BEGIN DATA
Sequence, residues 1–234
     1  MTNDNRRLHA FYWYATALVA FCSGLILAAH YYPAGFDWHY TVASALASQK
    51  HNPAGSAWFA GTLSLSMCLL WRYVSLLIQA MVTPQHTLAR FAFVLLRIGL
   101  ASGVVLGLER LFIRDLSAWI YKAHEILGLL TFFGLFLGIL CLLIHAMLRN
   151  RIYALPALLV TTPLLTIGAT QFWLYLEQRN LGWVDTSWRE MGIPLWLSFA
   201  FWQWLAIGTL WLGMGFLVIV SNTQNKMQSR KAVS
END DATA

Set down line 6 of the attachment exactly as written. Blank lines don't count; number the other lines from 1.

   201  FWQWLAIGTL WLGMGFLVIV SNTQNKMQSR KAVS